Directed by: Adam McKay

Release Date: 2018

Christian Bale – who famously lost 63 pounds to get scary-skinny for The Machinist (2004) only to immediately gain 100 pounds in the following six months for Batman Begins (2005) – is to back to his body transformation antics to play Dick Cheney in this biopic. To anyone under the age of, like, 20: that was George W. Bush’s Vice President, and who some call the most powerful Vice President in American history. Also starring Amy Adams as Lynne Cheney, Steve Carell as Donald Rumsfeld, Bill Pullman as Nelson Rockefeller, and Sam Rockwell as George W. Bush.

Speaking of Oscar-winning follow-ups, I’m very much here for the Adam McKay career turn into prestige movies. As is the case for a lot of people who were of a certain age when Anchorman came out thirteen years ago, McKay’s wildly successful collaborations with Will Ferrell dominated my late-middle school/early-high school years, and watching his filmmaking and filmography mature — in small steps withThe Other Guys and in slightly bigger steps with The Big Short — has been a joy to watch.



Directed by: Wes Anderson

Release Date: March 23, 2018

After his delightful and often-overlooked Roald Dahl adaptation, Fantastic Mr. Fox (2009), Wes Anderson returns to the worlds of stop-motion animation and anthropomorphic animals. In a dystopian future Japan, all dogs are quarantined to the eponymous island of garbage due to a “canine flu” outbreak. Five dogs, voiced by Bryan Cranston, Edward Norton, Bill Murray, Jeff Goldblum, and Bob Balaban (the narrator inMoonrise Kingdom), help a young boy who crash lands on the island in search of his dog, Spots (voiced by Liev Schreiber). Other voices provided by F. Murray Abraham, Greta Gerwig, Frances McDormand, Courtney B. Vance, Fisher Stevens, Harvey Keitel, Scarlett Johansson, Tilda Swinton, Ken Watanabe, Yoko Ono, and others.

A deliciously Wes Anderson premise with a deliciously Wes Anderson cast and a deliciously Wes Anderson trailer; this is his ninth movie and we pretty much know what we’re getting at this point. And we’re so, so lucky to be getting it.



Directed by: David Robert Mitchell

Release Date: 2018

Little is known at this point besides that it’s a neo-noir crime thriller that takes place in Los Angeles starring Andrew Garfield, Riley Keough, and Topher Grace. To be honest, that sentence alone is enough to pique my interest, but I’m a sucker for LA crime thrillers (I mean, who isn’t? ChinatownL.A. ConfidentialHeatNightcrawler, c’mon). Written and directed by a guy with three first names (and distributed by A24, if that means something to you – it should).

This list is largely compiled by simply checking in on filmmakers whose work I’ve admired in the past and seeing what – if anything – they have on the slate for 2018. In some cases, there’s a lot of past work to judge (Wes Anderson, Cuaron, McKay), and in others, less so. With David Robert Mitchell, I really only have one movie to go on, but when that one movie is as tense, endlessly clever, and well-executed (no pun intended) as 2015’s It Follows, one movie is enough.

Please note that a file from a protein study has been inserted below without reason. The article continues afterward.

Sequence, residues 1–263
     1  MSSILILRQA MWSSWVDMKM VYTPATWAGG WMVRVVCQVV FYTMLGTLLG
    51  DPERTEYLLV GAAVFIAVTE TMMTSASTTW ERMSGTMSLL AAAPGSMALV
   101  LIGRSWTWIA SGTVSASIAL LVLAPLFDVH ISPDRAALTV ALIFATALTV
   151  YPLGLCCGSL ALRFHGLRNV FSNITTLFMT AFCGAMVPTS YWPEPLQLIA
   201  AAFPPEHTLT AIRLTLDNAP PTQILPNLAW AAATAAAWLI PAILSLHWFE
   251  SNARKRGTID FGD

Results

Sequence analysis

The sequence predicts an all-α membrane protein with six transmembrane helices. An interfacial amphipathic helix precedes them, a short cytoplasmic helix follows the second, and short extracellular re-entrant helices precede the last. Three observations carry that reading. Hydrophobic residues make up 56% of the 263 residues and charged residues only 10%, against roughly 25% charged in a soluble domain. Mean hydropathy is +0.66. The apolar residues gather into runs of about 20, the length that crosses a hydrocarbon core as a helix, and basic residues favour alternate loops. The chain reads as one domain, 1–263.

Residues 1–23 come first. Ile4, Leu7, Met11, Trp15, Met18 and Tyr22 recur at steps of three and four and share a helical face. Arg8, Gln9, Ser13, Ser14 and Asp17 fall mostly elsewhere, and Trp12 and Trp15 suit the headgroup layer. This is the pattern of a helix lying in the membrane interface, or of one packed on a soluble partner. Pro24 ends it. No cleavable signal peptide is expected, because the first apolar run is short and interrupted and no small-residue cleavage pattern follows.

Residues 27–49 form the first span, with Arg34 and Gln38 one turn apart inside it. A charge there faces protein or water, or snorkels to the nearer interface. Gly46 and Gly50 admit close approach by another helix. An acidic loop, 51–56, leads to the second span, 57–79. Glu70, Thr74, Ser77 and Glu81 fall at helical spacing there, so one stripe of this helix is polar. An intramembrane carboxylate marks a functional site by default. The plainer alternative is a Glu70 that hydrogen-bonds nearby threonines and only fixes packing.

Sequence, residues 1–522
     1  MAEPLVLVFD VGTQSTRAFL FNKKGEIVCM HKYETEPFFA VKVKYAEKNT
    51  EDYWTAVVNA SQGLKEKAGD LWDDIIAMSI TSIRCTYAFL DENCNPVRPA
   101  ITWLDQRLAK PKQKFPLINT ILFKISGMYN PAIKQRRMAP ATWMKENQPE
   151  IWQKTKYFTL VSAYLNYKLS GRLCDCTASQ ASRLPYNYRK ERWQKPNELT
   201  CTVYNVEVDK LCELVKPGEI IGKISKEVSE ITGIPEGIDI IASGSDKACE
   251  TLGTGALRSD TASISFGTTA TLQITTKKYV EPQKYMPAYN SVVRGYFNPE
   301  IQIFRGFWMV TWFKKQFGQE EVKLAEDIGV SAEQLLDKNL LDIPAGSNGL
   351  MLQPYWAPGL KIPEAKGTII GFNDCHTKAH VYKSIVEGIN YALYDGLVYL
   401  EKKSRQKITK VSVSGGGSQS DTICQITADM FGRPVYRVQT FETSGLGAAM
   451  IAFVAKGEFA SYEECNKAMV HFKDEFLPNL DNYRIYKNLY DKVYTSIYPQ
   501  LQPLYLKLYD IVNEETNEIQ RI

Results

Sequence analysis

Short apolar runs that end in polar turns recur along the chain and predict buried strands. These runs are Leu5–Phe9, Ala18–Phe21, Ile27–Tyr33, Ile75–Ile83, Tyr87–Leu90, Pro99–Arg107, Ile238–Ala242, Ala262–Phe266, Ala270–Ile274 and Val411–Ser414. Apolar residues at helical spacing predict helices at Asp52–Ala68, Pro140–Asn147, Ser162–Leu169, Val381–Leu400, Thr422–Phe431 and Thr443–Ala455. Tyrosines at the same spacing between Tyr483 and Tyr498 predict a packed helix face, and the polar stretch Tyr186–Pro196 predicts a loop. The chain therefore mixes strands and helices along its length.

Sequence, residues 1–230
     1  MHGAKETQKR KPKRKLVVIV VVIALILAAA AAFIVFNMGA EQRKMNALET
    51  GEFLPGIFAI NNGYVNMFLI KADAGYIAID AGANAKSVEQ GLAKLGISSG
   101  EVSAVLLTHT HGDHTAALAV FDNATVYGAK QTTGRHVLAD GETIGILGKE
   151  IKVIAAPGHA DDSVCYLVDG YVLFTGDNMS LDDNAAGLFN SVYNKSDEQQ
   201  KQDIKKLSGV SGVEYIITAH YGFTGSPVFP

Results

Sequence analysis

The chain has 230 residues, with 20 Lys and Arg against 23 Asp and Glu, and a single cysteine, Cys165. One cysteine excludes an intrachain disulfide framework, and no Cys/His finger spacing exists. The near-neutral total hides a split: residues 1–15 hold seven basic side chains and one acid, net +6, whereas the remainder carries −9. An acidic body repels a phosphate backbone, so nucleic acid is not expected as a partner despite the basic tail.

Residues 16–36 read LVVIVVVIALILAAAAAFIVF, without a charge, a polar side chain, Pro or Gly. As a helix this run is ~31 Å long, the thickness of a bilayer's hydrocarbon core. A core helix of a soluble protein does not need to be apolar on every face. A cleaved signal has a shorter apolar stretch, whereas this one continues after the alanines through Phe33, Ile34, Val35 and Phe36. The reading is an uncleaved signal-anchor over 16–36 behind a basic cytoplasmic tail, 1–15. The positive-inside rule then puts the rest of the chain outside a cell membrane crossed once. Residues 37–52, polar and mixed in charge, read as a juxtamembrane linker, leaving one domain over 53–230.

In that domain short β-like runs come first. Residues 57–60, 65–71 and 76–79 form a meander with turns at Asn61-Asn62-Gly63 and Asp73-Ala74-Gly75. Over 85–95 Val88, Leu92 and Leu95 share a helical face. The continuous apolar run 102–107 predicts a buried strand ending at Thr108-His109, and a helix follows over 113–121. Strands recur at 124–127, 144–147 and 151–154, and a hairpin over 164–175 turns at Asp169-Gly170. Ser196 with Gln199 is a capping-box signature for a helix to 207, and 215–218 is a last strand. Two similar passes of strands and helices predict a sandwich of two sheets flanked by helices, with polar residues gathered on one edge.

Directed by: Alfonso Cuaron

Release Date: 2018

Ok, fine: this list is mostly Oscar follow-ups. Roma is Alfonso Cuaron’s first movie since winning Best Director for Gravity (2013).

The only plot details we have are a single sentence in a Variety article announcing Cuaron’s next project: a year in the life of a middle-class family in Mexico City in the 1970s. The only other news about the production in the sixteen months since was that five crew members were sent to the hospital after being robbed and assaulted by people impersonating Mexican authorities back in November 2016 (Cuaron was not personally on set at the time). Once filming wrapped last March, Cuaron revealed that they shot in Mexico City in order to recreate the Corpus Christi Massacre – where Mexican soldiers executed student demonstrators in the streets in 1971 – so we can assume that event figures into the plot.

Given that Cuaron’s filmmaking career is well into its fourth decade (fun fact: he was the Assistant Director on the 1989 Oscar Romero biopic starring Raul Julia), it’s frankly shocking that this will be only his eighth directorial work and only the fifth that he also wrote. But when his last two films were both among the finest of their respective decades (GravityChildren of Men), anything Cuaron touches will have my attention, even if he was unable to work with long-time collaborator (and threepeat Cinematography Oscar winner) Emmanuel Lubezki on this project due to scheduling conflicts.



Directed by: Lenny Abrahamson

Release Date: August 31, 2018

Domhnall Gleeson (if that name means nothing to you, please look up his filmography) plays a doctor in the 1940s who makes a housecall to a manor where his housemaid mother once worked, only to find the family members there (Charlotte Rampling, Will Poulter, Ruth Wilson) are being haunted by something he doesn’t understand. A ghost story based on the 2009 gothic novel of the same name by Sarah Walters, adapted by Lucinda Coxon (The Danish Girl).